Columbus voters returned three incumbents to City Council and approved four separate bond packages Nov. 5.

Columbus voters returned three incumbents to City Council and approved four separate bond packages Nov. 5.

A. Troy Miller, Priscilla Tyson and Eileen Paley -- all Democrats --bested Republicans Greg Lawson and Brian Bainbridge and independent Nick Schneider at the Nov. 5 ballot box, according to final, unofficial results from the Franklin County Board of Elections.

Tyson led with 47,500 votes (24 percent); Paley got 43,603 (22 percent); and Miller received 42,704 percent (21 percent). Lawson finished fourth with 26,139 (13 percent); Bainbridge gathered 24,460 votes (12 percent); and Schneider collected 16,464 votes (8 percent). Write-in candidates took less than 1 percent of the total.

That means one-party rule continues at City Hall, with all seven council members Democrats, as is Mayor Michael B. Coleman.

Lawson chose to see the cup as half full, considering how badly the challengers were outspent, but called Columbus "a tough nut to crack" for the GOP.

"Republicans need to build on that," he said. "They need to get aggressive on that and they need to reach out to the community. Considering the money spent, we did pretty well."

Meanwhile, voters supported four separate bond issues totaling $842 million that will help fund a variety of capital improvement projects.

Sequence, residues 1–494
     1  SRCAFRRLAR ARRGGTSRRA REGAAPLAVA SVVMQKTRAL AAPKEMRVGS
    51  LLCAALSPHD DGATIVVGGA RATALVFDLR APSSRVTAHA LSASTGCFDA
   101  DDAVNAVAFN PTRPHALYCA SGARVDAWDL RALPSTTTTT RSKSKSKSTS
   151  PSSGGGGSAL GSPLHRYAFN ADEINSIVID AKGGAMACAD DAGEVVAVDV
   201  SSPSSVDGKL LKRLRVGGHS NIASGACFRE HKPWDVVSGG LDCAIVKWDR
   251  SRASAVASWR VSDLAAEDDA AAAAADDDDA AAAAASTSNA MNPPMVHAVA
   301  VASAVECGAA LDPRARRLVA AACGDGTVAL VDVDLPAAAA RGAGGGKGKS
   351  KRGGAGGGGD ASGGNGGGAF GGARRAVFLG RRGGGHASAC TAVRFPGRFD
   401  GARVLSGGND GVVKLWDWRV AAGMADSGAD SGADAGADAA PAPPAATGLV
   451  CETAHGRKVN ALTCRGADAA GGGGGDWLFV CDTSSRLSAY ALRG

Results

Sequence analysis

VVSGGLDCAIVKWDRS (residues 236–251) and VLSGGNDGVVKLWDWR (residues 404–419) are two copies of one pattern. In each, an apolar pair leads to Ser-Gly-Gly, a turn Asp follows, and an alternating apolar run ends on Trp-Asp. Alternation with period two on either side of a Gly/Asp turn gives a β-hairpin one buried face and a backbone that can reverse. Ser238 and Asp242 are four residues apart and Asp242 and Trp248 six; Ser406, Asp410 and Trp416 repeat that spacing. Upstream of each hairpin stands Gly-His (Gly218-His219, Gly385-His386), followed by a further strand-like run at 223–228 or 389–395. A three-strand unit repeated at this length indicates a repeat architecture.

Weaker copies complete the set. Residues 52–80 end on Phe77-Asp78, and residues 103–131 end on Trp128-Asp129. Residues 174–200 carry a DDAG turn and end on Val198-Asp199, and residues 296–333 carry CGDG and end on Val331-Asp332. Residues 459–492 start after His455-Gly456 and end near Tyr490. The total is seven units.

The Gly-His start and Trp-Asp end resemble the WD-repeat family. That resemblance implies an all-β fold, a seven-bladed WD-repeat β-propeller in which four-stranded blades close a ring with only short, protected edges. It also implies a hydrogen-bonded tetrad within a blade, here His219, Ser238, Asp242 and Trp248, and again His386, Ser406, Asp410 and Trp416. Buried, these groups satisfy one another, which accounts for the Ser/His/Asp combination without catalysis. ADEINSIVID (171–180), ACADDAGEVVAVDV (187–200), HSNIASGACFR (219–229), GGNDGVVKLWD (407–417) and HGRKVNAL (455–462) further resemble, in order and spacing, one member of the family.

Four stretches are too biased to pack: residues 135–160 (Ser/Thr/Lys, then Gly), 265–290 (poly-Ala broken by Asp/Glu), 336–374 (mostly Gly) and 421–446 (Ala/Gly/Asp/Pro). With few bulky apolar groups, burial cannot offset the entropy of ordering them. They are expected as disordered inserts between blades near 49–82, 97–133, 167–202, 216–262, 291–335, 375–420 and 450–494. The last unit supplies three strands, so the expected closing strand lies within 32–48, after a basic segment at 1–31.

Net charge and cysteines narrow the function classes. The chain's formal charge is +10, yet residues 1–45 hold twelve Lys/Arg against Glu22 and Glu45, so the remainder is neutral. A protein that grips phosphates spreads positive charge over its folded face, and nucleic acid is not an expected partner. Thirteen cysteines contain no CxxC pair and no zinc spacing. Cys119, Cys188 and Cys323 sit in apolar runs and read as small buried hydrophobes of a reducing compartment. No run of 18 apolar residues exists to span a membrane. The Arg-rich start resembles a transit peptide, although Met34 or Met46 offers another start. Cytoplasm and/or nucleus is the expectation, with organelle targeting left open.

They include:

* Issue 1, which allocates $53 million for safety and health services, was carried by 54,410 votes (64 percent) to 30,097 votes (36 percent).

* Issue 2, which spends $124 million on recreation and parks, was passed 59,555 votes (70 percent) to 25,998 (30 percent).

* Issue 3, which earmarks $220 million for public service, was approved 57,839 (68 percent) to 27,350 (32 percent).

* Issue 4, which sets aside $445 million for public utilities, received 57,252 (67 percent) to 27,784 (33 percent).

In other election news, veteran Auditor Hugh Dorrian easily beat independent challenger Igor Ternovsky. Dorrian, also a Democrat, received 63,432 votes (88 percent) and Ternovsky collected 8,093 (11 percent). Write-in candidates received less than 1 percent of the total.

City Attorney Richard C. Pfeiffer Jr., a Democrat who ran unopposed, also was re-elected with 65,385 votes. Write-in candidates received 263 votes.